While most employees know it isn’t socially acceptable to use racial slurs, some may not realize that religion is an equally sensitive topic, especially for religions that have been targeted for abuse and worse for decades or even centuries. Why not eliminate potential litigation costs with solid education?
A New York employer has learned the hard way that it shouldn’t make assumptions about mothers in the workplace—and certainly shouldn’t actively try to predict who may become pregnant and miss work.
Handle every complaint the same way, no matter the source. Don’t fail to investigate just because an employee has cried wolf in the past.
Paying employees for break time—or not paying them—is one of the trickiest aspects of wage-and-hour law compliance. Know your obligations!
Here’s a warning that may save you time and trouble: If you want to keep an employee who has another job offer, be careful what you promise.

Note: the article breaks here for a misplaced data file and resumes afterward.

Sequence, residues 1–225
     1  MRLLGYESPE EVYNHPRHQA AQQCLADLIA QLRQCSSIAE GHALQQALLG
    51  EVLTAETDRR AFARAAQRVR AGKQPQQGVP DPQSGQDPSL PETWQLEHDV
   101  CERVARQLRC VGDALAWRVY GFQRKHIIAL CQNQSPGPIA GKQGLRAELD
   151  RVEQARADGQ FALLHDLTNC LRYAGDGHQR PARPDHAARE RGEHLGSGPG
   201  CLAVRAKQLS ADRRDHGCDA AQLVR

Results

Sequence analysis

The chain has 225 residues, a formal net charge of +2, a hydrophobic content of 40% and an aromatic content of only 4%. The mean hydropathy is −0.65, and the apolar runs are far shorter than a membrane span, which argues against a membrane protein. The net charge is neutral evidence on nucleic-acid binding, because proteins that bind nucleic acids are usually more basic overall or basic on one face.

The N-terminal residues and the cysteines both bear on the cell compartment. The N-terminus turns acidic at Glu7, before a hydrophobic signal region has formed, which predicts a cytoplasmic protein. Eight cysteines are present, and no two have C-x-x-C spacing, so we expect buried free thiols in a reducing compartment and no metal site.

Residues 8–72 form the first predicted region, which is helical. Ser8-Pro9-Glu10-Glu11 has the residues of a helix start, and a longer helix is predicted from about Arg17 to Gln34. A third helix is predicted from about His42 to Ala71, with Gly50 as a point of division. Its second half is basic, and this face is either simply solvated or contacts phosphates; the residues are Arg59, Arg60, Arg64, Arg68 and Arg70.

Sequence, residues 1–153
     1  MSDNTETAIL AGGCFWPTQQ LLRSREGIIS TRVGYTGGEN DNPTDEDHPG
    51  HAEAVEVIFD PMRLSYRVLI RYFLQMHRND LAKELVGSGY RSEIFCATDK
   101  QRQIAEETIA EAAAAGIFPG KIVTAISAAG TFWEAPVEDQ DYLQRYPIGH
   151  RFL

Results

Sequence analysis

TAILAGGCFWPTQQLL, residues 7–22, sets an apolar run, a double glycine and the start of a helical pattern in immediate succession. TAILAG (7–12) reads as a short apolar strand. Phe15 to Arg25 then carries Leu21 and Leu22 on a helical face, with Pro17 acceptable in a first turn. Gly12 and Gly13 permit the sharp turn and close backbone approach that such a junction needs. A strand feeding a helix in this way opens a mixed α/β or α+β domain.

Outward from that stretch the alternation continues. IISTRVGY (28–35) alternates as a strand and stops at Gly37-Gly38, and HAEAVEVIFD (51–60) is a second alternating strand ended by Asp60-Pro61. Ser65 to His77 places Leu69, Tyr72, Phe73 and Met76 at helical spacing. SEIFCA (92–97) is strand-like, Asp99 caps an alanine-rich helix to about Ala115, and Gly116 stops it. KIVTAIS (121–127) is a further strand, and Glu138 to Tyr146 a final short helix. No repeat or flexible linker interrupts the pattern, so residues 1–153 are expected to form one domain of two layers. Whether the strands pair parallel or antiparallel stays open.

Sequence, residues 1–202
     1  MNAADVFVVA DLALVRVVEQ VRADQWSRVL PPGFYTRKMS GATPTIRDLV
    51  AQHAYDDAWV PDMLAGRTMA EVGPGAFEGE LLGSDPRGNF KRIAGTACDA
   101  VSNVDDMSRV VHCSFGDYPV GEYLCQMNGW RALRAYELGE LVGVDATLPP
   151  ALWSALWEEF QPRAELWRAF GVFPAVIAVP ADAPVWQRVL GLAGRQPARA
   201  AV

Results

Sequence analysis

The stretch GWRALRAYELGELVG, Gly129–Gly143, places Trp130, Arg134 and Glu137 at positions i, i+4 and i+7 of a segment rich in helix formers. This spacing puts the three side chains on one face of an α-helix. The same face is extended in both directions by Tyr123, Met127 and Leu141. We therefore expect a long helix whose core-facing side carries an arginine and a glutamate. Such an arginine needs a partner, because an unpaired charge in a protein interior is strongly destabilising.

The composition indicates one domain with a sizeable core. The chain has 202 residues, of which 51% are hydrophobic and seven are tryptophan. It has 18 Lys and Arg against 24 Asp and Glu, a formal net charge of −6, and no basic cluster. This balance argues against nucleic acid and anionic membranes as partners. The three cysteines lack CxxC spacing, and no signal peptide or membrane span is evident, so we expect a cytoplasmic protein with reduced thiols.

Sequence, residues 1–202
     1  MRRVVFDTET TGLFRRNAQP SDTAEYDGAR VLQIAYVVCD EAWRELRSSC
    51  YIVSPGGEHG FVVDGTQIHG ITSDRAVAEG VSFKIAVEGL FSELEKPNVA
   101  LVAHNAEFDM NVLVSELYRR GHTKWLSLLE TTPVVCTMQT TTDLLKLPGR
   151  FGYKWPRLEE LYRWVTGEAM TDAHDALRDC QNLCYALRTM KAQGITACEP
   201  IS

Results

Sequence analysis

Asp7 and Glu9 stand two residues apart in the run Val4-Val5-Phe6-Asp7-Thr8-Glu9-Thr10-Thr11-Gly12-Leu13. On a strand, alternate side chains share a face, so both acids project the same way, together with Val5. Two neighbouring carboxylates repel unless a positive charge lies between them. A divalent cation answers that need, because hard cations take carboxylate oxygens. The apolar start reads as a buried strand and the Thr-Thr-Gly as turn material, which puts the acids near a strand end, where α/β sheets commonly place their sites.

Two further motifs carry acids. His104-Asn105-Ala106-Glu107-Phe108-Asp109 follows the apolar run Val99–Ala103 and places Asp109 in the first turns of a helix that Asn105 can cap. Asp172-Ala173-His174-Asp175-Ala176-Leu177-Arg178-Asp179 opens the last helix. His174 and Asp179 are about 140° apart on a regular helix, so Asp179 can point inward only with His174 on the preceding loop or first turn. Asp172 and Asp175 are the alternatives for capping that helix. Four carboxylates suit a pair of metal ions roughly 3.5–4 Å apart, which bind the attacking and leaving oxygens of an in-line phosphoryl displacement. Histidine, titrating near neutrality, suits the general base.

Employers can terminate an employee about to take FMLA leave if they have legitimate business reasons that have nothing to do with taking FMLA leave.
When disaster strikes, smart employers have contingency plans in place to keep the business running. Such plans need to account for the kind of emergency facing the organization—and how it will handle the needs of disabled employees during and after the disaster.
Unless it’s obvious that an employer acted maliciously by purposely setting out to harm an employee, chances are it won’t be held responsible for the consequences of a co-worker’s crime.
When it comes to the use of racial or other patently offensive slurs, it makes a difference who does the talking and how often. Courts don’t tolerate slurs when a supervisor is responsible, but cut employers more slack when it’s a co-worker speaking.
The owners of Mythos, a Greek restaurant in Queens, have agreed to pay $329,000 in back pay and liquidated damages to 21 employees following an FLSA investigation by the DOL’s Wage and Hour Division.